Hands-On Review:Access To Power
By Michael K. Dennison
Lately, I've been looking for a compact digital mixer for live recording. I've been using a popular analog mixer, but I've become spoiled by the power and flexibility my studio's large-format digital console gives me. Since my portable recording rig is based on Tascam's MX2424 digital recorder, I decided to check out their new DM-24. I gave my buddy at Musicians' Friend a call, and set up a little hands-on time to evaluate the unit. The demo DM-24 arrived a couple days later, complete with the optional MU-24 meter bridge.
Bird's eye view
At its heart, the DM-24 is a 24-bit eight-bus digital mixer with 32 input channels and six aux sends. Each channel features dynamics control, 4-band fully parametric EQ (with dedicated knobs), and access to the built-in effects from Tascam, Antares, and TC Works. The sixteen long-throw channel faders and one master fader are motorized, touch-sensitive, and can be completely automated. The DM-24 offers plenty of analog and digital I/O connections right out of the box, and two expansion slots provide additional options.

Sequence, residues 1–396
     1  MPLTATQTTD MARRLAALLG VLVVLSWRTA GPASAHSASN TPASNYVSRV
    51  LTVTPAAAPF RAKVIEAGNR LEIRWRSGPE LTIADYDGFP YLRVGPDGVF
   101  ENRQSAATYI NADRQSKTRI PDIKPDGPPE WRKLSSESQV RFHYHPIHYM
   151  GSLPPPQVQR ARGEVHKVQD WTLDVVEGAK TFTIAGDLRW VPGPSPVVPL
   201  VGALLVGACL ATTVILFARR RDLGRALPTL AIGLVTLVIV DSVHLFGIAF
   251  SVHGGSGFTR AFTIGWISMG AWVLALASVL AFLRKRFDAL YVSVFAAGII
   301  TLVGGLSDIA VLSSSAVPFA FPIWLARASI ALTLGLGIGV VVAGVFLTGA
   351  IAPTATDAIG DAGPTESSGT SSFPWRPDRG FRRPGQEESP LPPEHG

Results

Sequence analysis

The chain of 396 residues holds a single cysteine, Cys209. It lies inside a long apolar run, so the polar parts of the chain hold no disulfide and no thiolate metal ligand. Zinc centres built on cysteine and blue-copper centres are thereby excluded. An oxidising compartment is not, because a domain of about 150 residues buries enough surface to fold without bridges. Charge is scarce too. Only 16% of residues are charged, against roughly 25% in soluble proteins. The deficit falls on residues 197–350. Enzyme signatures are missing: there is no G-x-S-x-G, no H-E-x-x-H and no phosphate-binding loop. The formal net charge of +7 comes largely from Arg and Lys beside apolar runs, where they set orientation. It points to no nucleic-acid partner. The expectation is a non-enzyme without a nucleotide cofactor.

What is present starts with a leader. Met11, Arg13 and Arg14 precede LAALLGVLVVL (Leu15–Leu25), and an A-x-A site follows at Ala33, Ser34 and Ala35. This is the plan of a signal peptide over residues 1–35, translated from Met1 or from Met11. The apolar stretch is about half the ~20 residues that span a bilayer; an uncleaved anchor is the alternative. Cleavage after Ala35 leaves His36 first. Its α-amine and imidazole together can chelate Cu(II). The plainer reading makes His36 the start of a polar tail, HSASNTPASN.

A large LCD screen in the center of the DM-24 provides a clear visual display of virtually every parameter, and the surrounding knobs and buttons give you easy control of internal functions. The integrated transport section gives you control of external recording decks, making the DM-24 a very complete machine!
AI/O on top